Why Yahoo Doesn’t Think Tumblr Has a Porn Problem

Published on May 18, 2013
by Peter Kafka

tumblrIf you write about Tumblr as a business, you are required to note that Tumblr has a lot of porn.

How much porn? You’ll have to make something up, because the only people who know how much porn the blogging service hosts work at the blogging service, and they don’t offer up a number.

But let’s stipulate, for argument’s sake, that there is indeed a lot of porn on Tumblr — in fact, the company’s terms of service make a point of saying it’s okay with “not suitable for work” stuff.

Which means there are a lot of pages on Tumblr that advertisers won’t go near. Like “Girls in Yoga Pants,” where the image at the top of this post came from (yes, that’s a tame one).

So why isn’t that an issue for Yahoo, which is very close to spending $1.1 billion on the company?

Here it’s important to pay attention to the way Tumblr actually works — or more precisely, the two ways it works.

Tumblr offers tools to make simple blog pages, which anyone with a Web browser can see. So you don’t have to sign up for Tumblr to check out We Want Porn, but comScore will count you as one of the service’s 117 million monthly users.

Tumblr’s core users, though, log in to the service, and subscribe to different Tumblogs, which they view on a “dashboard” — the equivalent of Twitter and Facebook’s newsfeeds.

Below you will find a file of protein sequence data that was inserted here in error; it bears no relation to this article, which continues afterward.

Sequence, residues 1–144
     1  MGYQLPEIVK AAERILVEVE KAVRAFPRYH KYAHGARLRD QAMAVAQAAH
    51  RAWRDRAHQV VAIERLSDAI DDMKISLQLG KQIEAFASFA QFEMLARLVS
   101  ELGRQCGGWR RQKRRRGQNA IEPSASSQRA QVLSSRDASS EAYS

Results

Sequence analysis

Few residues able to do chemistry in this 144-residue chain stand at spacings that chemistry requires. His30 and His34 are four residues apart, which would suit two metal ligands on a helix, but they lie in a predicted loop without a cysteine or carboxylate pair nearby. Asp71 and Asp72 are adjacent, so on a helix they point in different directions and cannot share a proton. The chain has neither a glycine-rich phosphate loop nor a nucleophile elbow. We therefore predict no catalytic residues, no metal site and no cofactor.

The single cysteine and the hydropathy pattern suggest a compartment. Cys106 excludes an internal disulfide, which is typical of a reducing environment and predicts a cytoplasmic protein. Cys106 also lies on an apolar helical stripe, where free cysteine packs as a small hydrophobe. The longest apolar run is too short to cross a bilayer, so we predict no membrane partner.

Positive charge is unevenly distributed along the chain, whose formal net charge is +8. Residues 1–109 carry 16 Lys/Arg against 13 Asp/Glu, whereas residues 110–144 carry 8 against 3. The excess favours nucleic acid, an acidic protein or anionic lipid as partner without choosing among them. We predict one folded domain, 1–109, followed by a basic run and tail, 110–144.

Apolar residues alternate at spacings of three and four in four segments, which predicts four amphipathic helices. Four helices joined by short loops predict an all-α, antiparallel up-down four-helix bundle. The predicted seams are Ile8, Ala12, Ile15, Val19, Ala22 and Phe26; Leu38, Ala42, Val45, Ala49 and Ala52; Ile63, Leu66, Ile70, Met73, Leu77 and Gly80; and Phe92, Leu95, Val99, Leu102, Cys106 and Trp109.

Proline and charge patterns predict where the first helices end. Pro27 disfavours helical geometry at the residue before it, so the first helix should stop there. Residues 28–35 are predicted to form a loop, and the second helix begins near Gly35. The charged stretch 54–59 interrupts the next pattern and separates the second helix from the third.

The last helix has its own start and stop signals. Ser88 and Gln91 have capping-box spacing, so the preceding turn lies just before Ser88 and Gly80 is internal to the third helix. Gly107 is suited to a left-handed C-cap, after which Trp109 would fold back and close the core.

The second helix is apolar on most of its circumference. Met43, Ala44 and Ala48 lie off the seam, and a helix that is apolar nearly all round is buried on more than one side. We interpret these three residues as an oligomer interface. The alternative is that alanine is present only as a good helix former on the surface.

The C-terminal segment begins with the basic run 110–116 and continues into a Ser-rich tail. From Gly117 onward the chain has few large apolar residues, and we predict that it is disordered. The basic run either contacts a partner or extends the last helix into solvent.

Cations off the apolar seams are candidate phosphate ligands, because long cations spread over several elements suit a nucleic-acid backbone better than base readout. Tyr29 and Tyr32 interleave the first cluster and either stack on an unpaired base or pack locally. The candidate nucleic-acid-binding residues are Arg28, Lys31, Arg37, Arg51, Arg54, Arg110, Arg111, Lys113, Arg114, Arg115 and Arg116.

Not coincidentally, these are also the only people Tumblr is showing ads to, either via “radar” ads that promote Tumblr pages alongside users’ dashboards, or “spotlight” ads that promote Tumblr pages in a directory of suggested accounts.

To spell that out: Tumblr’s advertisers don’t have to worry about their stuff showing up on blogs like We Want Porn. At worst, it’s possible that they’ll end up advertising to a user whose dashboard includes posts from We Want Porn. But in general, they ought to be pretty well insulated from that stuff.

By the same token, if Yahoo wanted to, it could end up scrubbing Tumblr of porn, and losing a lot of users and views — but it probably wouldn’t lose much in the way of monetizable users. Unless it turns out that the majority of Tumblr’s core users have signed on exclusively to use porn.

So: Problem? Sure. But it doesn’t look like a costly one.

Update: Now that the deal is done, a Tumblr backer has piped up to offer a more concise version of my argument: “Non-story. Tumblr is the Internet. It’s a dashboard follower model, opt-in.” That would have saved me a bunch of typing!

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